This morning I had a new and wonderful life experience: I attended a book club. And the book being discussed was mine. You won’t know it when you read this post, but after I wrote those first two sentences, I stopped typing and let the fact of what I’d just written sink in. It’s still sinking in. As positive as the experience was, it was also disorienting: a cross between being Tom Sawyer walking in on my own funeral and meeting a group of clairvoyants for tea. Because suddenly, women I’ve never met before were talking about characters I’ve carried in my heart and mind for years—characters they also seemed to know and care about. It was a dizzying experience, and I recommend it.
As I prepared for my first book club engagement, I did some research: Checked out resources on book clubs (there are many terrific tools available and I list some at the end of this post) and I checked in with authors I like and admire.
I’ve mentioned the writer Erik Larson in earlier posts. He’s the author of numerous fine works of non-fiction and has sold millions of books. Yet, when I read his web site I was surprised to find the following comment about attending book club meetings: “I cannot be present during the actual critique of my book(s). I’m too thin-skinned and things might get ugly.” When I read that statement, it made me laugh. Then it made me think. This could happen. And then what? Would my years of writing workshops help keep my feelings in check? Would I grow defensive? Or worse? I immediately made a mental note: Keep your wits about you. Do not drink during a book club. Later? It may be necessary. But during the meeting, it’s water only.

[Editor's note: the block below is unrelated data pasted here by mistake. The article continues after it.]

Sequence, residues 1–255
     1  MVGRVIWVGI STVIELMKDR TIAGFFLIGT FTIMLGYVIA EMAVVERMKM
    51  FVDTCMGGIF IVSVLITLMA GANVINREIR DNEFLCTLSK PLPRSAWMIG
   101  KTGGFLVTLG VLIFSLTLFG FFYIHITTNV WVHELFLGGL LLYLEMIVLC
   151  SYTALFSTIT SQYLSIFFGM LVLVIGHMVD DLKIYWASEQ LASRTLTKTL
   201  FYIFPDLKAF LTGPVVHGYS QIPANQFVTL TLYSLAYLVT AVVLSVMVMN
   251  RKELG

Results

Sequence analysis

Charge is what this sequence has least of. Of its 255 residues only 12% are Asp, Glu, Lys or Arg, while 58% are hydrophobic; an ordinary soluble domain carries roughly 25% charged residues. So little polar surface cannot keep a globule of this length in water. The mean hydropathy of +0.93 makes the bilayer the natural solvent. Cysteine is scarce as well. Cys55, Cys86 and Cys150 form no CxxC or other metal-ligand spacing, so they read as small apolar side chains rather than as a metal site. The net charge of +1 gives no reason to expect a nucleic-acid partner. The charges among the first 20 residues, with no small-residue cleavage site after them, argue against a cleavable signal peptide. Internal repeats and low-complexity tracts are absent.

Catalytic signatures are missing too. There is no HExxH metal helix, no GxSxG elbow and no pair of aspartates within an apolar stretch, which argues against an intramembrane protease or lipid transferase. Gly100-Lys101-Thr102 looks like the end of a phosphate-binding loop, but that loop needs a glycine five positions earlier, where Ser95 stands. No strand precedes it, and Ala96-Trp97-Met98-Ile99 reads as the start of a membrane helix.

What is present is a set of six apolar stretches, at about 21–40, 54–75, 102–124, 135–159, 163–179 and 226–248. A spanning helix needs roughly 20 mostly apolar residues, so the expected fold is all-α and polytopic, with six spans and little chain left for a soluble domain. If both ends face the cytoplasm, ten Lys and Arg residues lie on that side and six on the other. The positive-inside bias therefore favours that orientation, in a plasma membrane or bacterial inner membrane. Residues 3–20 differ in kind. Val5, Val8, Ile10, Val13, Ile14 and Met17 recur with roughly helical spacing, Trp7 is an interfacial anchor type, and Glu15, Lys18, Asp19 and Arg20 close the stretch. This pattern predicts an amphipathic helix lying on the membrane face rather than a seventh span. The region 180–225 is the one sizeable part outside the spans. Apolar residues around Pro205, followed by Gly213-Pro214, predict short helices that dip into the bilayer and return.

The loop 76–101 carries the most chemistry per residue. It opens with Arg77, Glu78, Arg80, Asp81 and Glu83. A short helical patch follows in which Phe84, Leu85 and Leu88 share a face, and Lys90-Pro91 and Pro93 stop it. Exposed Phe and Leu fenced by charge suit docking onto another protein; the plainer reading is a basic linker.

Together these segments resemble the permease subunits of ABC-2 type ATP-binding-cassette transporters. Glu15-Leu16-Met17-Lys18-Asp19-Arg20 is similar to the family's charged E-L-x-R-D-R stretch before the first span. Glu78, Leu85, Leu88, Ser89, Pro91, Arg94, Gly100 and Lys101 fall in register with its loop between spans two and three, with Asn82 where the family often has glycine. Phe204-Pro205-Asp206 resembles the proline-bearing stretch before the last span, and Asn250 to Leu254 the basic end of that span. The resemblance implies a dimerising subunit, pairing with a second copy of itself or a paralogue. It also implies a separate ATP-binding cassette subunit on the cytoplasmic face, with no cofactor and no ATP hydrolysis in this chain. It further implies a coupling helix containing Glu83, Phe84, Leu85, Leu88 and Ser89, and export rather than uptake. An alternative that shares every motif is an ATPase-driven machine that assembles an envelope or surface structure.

A few days ago I had lunch with a fellow author who told a funny story about his first book. One day he saw a woman in the library returning it—a first in his early career—and he couldn’t resist asking how she’d liked it. Thinking he was a fellow reader and not the author (jacket photos are not usually big area of interest for most readers) she shook her head and answered, “Oh…I thought it was a little slow.” Of course we both laughed. But again I made a mental note: Do not solicit feedback from strangers who might make me cry.
After living in an apartment for years, my husband and I bought our first house. We had no idea what to expect from the experience, and I credit our devoted and savvy real estate agent for averting more than one catastrophe. I was so in love with the idea of owning my own home that I wanted to buy every house I saw. At one property, a band of uniformed women were washing what looked like blood from the walls of a guest room. I wanted to check the closets. My agent decided it was a crime scene and rushed me back to her car. So when we finally found the house we would come to live in (a sweet little 80-year old bungalow that had just been rehabbed) I didn’t understand my luck. The owner agreed to accept our bid the night we saw the house, then had his agent hand over the keys so we could visit the house as we went through the loan process. The gesture made me love the house a little more. I have never forgotten that kindness. Or my good fortune.
So today, as I spoke with a group of engaged, intelligent, careful readers—women of diverse backgrounds and interests who share a serious love of reading—and I listened to their insights and questions, I remembered again how I felt the night I got that key.
Book club resources you may find helpful:
• The Book Club Companion: A Comprehensive Guide to the Reading Group Experience, by Diane Loevy
• The Book Group Book, (edited by) Ellen Slezak
• The Reading Group Handbook, by Rachel W. Jacobsohn